One thing I recommend for traveling around the Black Hills, most gas stations, tourist stops, etc. have this 11x 17ish sized paper map that has all the big places to stop and ways to get there and it’s free. They’ve been doing it forever and they still are. If you’re going to run around the Hills, I highly recommend it as a go to reference. You may also want some Dramamine depending on your route, there are some pretty winding roads. We tried to avoid main tourist roads if we could and still see all we wanted. It has been probably about 10 years since I had last visited these places. It was a great little afternoon. 

Black Hills map overall

Our drive from Deadwood through Lead to Mount Rushmore took us along Lake Pactola. It is a man made lake that is named after the town that lies below it. It’s also the place we went cliff jumping way back in the old days.

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We made it to Mount Rushmore late in the afternoon. There was hardly anyone there. It was perfect for a quick stop. We watched the little video and went through the exhibit about how they made the sculpture and the creator, Gutzom Borglum, and the politics behind it. For the record, I know it is a massive carving in the rock, but it does not seem that big. Especially when you see Crazy Horse. However, it is impressive.  We were pressed for time, so we didn’t do any of the longer walks up closer to the heads, but there are trails you can take through the hills that are lovely if you have time.
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After that we took off to go along Iron Mountain Road toward the Black Hills Playhouse and the Needles Highway. This was basically a short cut to get to the Needles. On top of that, it is this windy, barely two-lane road that goes through a few tunnels that purposefully frame Mount Rushmore. I don’t know why, but I have no pictures of this. I don’t know what happened. It’s really cool though to drive and beautiful.  I recommend it.
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Mt Rushmore from US16A.jpg
Via Kimon Berlin, user:GribecoOwn work, CC BY 2.5, Link

Once you get to Highway 87, you have to get a park pass to Custer State Park. There are lots of things to see in there, including Jewel Cave and Wind Cave, but we’ve saved those for another trip. The needles are these amazing rock formations. Back when I was a climber, I’d been up there to do just that. It’s a beautiful area and one of my favorite drives. We also missed taking pictures of this area too.
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The Eye of the Needle via
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The road ends at Sylvan Lake, also the starting point of the hike up to Black Elk Peak, (formerly Harney Peak), highest point east of the Rockies in the US and and easy hike if you need one.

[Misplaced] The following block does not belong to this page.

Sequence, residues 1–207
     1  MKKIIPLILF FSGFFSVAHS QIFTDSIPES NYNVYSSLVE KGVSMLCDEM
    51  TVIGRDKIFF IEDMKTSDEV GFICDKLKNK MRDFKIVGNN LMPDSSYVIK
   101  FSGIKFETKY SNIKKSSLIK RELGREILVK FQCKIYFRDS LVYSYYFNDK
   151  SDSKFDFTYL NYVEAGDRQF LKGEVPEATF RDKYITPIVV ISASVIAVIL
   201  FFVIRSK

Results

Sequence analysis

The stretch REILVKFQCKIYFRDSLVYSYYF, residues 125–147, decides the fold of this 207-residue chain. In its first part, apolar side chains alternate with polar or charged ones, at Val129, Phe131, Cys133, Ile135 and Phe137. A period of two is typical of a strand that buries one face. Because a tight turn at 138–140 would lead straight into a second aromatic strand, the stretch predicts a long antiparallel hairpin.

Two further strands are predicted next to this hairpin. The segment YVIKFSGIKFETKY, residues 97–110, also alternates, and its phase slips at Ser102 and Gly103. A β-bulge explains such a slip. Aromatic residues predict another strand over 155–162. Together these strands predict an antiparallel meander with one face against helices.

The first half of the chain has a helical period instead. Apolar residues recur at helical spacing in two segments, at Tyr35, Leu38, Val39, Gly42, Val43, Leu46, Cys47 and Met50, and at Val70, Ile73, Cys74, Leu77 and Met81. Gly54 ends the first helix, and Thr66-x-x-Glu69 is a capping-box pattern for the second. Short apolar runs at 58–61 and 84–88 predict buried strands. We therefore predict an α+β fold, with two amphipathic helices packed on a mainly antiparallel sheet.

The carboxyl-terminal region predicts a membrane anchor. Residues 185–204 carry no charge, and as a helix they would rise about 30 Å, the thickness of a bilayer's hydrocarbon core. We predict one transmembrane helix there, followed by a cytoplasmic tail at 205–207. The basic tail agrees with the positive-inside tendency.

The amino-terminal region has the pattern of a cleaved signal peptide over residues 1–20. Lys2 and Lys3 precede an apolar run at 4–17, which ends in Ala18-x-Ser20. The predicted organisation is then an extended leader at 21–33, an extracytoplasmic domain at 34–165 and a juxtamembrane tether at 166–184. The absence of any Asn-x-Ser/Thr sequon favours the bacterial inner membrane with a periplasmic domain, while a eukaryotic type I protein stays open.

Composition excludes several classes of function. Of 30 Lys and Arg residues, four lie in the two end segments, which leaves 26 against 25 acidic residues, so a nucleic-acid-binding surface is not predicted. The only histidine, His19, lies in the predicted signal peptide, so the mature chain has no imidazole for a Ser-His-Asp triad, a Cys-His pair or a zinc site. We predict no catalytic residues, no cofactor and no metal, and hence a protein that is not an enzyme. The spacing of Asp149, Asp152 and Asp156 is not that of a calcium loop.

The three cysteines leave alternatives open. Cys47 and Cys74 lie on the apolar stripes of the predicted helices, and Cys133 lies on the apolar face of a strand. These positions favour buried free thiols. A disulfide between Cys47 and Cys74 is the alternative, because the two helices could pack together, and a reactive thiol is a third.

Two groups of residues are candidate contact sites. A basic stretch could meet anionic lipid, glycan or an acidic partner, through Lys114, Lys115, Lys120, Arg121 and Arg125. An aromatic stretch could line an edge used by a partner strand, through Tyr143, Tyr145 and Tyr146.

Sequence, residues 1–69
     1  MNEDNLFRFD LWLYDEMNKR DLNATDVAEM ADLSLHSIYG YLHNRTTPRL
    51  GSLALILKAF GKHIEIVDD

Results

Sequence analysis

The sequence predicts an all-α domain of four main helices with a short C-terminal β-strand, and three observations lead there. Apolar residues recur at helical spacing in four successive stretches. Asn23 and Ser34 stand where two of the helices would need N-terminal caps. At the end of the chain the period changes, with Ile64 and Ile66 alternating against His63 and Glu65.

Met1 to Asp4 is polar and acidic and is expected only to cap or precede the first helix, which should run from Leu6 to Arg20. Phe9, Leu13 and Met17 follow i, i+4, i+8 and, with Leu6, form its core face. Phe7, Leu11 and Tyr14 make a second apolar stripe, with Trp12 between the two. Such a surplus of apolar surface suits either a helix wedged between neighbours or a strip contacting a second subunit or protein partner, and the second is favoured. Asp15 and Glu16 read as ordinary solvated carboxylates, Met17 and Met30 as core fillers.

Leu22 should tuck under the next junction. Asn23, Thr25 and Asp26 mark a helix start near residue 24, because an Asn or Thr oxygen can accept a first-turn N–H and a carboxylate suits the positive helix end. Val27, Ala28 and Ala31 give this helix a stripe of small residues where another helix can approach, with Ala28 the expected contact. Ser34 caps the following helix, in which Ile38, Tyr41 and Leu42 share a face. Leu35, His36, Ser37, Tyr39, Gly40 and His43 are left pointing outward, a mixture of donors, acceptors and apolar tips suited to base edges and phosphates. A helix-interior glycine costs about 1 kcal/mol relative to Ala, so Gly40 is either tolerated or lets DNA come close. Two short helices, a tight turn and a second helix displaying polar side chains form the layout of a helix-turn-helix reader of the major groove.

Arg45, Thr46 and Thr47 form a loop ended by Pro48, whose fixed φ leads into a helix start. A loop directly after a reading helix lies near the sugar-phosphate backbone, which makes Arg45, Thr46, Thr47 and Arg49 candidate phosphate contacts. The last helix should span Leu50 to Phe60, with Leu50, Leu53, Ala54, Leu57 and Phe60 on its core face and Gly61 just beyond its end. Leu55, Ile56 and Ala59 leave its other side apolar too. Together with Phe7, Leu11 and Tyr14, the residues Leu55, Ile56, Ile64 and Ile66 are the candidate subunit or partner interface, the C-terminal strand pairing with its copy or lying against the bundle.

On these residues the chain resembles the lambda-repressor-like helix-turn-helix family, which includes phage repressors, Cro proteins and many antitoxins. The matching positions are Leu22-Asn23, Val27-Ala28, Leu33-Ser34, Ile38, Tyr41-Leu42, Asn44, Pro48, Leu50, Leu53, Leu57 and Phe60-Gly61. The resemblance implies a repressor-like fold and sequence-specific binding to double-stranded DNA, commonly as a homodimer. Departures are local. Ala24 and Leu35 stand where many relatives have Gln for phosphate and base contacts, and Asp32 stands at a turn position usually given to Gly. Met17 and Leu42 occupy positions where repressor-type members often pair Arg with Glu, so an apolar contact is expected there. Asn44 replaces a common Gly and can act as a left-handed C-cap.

sylvan-lake via https://gfp.sd.gov/state-parks/directory/custer/campgrounds/sylvan-lake/
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That concludes our little afternoon in the hills. We headed back through the cute little town of Hill City and back to Deadwood for dinner. While this post may have been focused on Mount Rushmore, I fully encourage you to explore the Black Hills beyond it and other touristy things. They are a beautiful little area filled with lots of surprises.

 

Natural Bridge

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Back in Mayish a friend did a little solo road trip over to the Natural Bridge on the Boulder River about two hours away.  She posted beautiful pictures of the back road she drove instead of the interstate. K, J and I decided we should do the same trip. The bridge itself had been on my to do list for awhile and after showing people images, it was easy to get them to go along too for the day.

We went in June to make sure everything was green. Swingley Road was absolutely gorgeous. The mountain views were amazing. I have done the interstate route time and time again and it has become a bit boring. It was good to travel a new route and renew my appreciation of those mountains. We did the road both ways, both times it was different and amazing.
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Once we arrived at the bridge, we walked all over the place. There is a beautiful wood bride in place now to cross the river.
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View from wood bridge of water disappearing below ground.

We went on the trails, but then we ventured down into the canyon and got as close to the opening as we dared.
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From the far rim of the canyon.
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Climbing down was pretty fun, there are climbing routes set up too!
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We walked along the top of the canyon until we were cut off by private property.
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Of course we wondered down on the bridge itself.
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This is the side the water comes out, you can’t see much, but it’s still cool.

The bridge as it is now will end up with water flowing over it when the water is high enough. There used to be another section of bridge that collapsed that was the original land bridge. That would have been pretty cool to see. Even so, for just being a hole in the wall where water comes out, the natural bridge is still a sweet site to visit.